If you grew up in Northern Arkansas, it’s a good bet you remember a school field trip or two to Pumpkin Hollow. Since 1991, this family business has become Piggott’s premiere destination for fall family fun.
It was nearly three decades ago that Farm Credit customers Darrell and Ellen Dalton got the idea to wade into the pumpkin-growing business, growing a big field and selling the crop to a pumpkin patch near St. Louis. Afterward, an idea was born. The couple envisioned a similar business could work right there in Northeast Arkansas, so they planted the pumpkins, decorated a dairy barn on property, gathered a crew, and opened for business. The rest is history.
Pumpkin Hollow is open for fun each year every day, seven days a week, from mid-September through October 31. The traditional experience remains—choosing and picking pumpkins, hay rides and the petting zoo—but is now enhanced by haunted attractions, putt-putt, a corn maze, a zip line, and the Pumpkin Hollow store. There is also a kids’ barn chock-full of activities, a huge slide and the forest play areas.
“We didn’t realize, when we opened up field trip opportunities to schools, that there were so many children living in this rural area of the state who have never really been on a farm, didn’t know how pumpkins grew, and had never touched or fed a farm animal,” Ellen shared. “Now, the visit is a memory those students will always have and one they are now sharing with their own children. That’s probably the thing that’s most satisfying.”
The Off Season
Ellen laughs when asked what the team does during the “off season;” mostly because, well, there is no real off season. It is true during the busiest time in the fall there are teams of 30 employees staffing Pumpkin Hollow during the day and up to 120 in the evening. But, there are full-time employees that work year round as well: two who work full-time focused solely on haunted attractions! Her team is busy with gourd harvest in December and filling Pumpkin Hollow Gourds orders around the world right afterward. Typically they will also travel to five spring gourd shows. The Daltons also run a cattle operation too; so no, downtime is not an issue.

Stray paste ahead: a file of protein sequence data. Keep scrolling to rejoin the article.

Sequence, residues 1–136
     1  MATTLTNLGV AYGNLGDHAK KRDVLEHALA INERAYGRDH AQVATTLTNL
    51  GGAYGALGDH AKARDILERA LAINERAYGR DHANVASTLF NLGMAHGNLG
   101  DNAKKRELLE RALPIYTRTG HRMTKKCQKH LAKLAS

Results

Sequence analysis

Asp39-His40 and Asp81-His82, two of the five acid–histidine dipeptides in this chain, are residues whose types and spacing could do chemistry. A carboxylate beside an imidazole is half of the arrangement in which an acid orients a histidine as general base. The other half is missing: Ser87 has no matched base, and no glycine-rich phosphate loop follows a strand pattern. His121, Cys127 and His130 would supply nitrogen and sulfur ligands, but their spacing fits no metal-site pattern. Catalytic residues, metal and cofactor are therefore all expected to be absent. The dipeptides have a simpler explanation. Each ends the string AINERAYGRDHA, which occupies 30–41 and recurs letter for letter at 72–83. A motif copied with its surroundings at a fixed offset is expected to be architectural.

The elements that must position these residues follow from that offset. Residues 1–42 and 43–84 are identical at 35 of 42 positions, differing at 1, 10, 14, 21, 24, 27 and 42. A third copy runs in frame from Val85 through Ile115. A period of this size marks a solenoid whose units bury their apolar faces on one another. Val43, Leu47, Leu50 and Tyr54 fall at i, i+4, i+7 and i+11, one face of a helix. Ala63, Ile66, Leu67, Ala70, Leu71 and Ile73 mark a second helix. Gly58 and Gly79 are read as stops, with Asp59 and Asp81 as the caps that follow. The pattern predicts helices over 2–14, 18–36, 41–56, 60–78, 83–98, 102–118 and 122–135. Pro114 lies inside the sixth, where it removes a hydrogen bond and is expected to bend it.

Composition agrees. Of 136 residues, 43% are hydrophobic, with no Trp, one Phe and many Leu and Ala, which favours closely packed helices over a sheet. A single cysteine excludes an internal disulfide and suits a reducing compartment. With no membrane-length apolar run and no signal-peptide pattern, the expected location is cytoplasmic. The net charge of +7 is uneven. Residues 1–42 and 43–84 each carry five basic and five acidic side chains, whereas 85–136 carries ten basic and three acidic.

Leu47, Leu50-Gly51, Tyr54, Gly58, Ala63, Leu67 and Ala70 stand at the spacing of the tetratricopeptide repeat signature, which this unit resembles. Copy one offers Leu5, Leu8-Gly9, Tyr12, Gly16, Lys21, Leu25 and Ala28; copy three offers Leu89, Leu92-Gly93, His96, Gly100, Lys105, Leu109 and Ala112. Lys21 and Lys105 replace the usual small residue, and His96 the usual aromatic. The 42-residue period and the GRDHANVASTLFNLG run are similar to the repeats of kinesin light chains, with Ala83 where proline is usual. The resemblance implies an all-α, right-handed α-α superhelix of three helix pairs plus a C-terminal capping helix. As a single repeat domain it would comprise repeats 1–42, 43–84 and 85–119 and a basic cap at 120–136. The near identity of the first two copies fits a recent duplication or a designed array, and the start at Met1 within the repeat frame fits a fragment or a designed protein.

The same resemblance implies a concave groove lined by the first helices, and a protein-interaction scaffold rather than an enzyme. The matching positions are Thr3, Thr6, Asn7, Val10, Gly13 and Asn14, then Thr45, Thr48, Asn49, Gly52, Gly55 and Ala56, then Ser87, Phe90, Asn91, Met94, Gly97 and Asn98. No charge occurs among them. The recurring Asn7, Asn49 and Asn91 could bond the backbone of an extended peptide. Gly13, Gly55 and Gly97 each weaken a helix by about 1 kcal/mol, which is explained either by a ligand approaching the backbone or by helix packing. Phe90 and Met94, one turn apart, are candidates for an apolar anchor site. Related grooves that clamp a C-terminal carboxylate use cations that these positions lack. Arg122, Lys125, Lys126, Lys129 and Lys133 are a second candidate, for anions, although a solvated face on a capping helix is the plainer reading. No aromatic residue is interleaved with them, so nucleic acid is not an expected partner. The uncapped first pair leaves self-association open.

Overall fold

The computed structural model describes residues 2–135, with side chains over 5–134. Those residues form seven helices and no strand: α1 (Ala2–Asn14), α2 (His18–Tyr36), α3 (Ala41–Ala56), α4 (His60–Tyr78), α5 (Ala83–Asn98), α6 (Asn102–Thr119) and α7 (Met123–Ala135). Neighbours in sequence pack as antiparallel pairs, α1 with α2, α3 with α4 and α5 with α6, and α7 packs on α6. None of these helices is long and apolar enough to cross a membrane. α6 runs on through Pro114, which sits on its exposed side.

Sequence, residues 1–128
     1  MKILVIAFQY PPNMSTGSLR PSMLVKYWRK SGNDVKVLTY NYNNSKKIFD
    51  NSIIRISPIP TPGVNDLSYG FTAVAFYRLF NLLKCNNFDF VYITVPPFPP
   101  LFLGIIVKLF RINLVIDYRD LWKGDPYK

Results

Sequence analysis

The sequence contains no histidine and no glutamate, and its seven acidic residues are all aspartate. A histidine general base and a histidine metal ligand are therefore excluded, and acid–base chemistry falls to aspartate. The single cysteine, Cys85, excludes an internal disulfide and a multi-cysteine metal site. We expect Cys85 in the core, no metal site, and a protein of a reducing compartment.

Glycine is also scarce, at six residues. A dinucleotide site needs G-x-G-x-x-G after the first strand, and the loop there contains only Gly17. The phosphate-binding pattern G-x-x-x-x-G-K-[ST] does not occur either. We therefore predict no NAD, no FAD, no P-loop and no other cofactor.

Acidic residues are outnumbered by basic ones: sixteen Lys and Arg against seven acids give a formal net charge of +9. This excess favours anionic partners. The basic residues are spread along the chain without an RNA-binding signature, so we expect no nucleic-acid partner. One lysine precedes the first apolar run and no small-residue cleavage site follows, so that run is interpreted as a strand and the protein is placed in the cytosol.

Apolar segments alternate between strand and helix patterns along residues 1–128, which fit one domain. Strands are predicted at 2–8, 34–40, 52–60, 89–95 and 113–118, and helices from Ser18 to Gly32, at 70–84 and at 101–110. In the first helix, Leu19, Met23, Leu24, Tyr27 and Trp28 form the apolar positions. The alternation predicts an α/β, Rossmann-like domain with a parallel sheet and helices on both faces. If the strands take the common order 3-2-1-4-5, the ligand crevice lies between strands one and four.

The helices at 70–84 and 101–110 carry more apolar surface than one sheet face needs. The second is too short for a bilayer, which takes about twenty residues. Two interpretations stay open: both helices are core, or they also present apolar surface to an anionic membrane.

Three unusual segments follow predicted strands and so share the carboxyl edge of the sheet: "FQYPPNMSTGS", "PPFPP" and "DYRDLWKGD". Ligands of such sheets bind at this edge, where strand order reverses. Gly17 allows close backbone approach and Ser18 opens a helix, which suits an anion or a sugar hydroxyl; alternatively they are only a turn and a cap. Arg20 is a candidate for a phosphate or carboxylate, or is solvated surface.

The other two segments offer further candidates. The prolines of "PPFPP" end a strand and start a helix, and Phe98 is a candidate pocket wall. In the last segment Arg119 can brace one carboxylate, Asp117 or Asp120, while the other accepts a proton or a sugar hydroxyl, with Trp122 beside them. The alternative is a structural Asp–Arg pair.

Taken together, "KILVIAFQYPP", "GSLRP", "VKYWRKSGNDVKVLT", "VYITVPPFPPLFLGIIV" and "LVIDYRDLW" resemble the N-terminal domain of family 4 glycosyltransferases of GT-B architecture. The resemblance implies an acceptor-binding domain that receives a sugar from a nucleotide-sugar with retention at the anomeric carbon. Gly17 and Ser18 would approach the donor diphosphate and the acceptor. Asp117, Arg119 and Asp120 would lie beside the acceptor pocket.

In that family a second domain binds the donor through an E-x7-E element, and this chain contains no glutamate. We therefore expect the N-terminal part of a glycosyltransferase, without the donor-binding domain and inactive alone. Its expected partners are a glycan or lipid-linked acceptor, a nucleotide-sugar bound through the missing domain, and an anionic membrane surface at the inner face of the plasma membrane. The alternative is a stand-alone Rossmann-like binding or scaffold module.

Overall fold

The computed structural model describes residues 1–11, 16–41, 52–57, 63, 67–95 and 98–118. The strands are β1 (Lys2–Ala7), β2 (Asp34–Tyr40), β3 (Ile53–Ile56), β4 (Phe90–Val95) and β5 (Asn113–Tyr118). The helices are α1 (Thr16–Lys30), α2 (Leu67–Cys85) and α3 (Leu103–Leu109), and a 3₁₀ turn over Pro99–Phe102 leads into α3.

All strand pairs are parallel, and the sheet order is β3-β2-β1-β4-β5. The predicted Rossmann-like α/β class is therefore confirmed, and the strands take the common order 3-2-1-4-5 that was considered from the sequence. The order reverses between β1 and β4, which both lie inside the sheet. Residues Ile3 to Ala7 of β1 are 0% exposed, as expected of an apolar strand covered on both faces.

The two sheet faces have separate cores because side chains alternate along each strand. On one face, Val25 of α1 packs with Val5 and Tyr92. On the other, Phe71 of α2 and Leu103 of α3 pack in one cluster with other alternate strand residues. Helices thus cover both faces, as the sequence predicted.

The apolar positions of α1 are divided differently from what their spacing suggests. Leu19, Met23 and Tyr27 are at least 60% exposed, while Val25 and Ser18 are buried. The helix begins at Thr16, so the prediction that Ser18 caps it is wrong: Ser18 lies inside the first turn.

Memories Still Made
The family has been a Farm Credit member for nearly a decade. The Association has helped them fund a number of capital improvements to their property, as well as provided an operating loan. But this season—operating under all the unknowns of a pandemic—was a first. Fortunately, Ellen reports the season fared better than anticipated and it turned out to be a good year. It was a challenge to accommodate new rules of operation, but she hired two staff members for day and night cleaning and installed more than a few hand sanitizers throughout the property. Guests complied without a problem. And fortunately, her team made it through the season with no Covid-19 problems.
One possible advantage Pumpkin Hollow had during this time was the opportunity for safe, outdoor fun and escape. The business saw increased daytime weekday traffic, possibly due to remote learning and more flexibility in students’ days.
“What was lost in school field trips this year was somewhat made up by kids who were learning remotely or home schooled and could visit during the day,” Ellen noted. “Pumpkin Hollow was still able to provide that family tradition families look forward to.”